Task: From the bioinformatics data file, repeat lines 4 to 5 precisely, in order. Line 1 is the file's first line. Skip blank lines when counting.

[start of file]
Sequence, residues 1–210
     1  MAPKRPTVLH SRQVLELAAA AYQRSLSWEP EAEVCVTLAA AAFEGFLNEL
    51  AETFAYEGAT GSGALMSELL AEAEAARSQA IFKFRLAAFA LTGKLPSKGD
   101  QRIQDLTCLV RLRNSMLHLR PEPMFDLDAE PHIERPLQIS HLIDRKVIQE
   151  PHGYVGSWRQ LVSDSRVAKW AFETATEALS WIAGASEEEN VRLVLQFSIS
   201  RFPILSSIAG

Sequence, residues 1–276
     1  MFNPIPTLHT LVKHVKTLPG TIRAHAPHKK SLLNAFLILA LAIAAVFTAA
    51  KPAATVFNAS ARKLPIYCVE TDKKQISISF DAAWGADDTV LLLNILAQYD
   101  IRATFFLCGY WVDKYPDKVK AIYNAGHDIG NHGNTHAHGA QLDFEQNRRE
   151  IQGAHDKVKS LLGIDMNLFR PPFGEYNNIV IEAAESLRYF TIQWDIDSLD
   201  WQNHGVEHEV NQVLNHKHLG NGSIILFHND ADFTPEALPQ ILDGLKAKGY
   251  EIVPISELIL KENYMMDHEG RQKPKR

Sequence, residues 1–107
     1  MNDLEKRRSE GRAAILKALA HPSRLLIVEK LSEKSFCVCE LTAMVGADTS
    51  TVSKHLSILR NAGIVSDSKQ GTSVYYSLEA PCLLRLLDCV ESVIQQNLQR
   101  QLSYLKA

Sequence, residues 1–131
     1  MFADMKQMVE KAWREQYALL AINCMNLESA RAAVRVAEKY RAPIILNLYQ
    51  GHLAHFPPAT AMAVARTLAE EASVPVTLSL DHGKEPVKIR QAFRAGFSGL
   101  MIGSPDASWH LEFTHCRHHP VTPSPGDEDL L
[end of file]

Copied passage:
   101  QRIQDLTCLV RLRNSMLHLR PEPMFDLDAE PHIERPLQIS HLIDRKVIQE
   151  PHGYVGSWRQ LVSDSRVAKW AFETATEALS WIAGASEEEN VRLVLQFSIS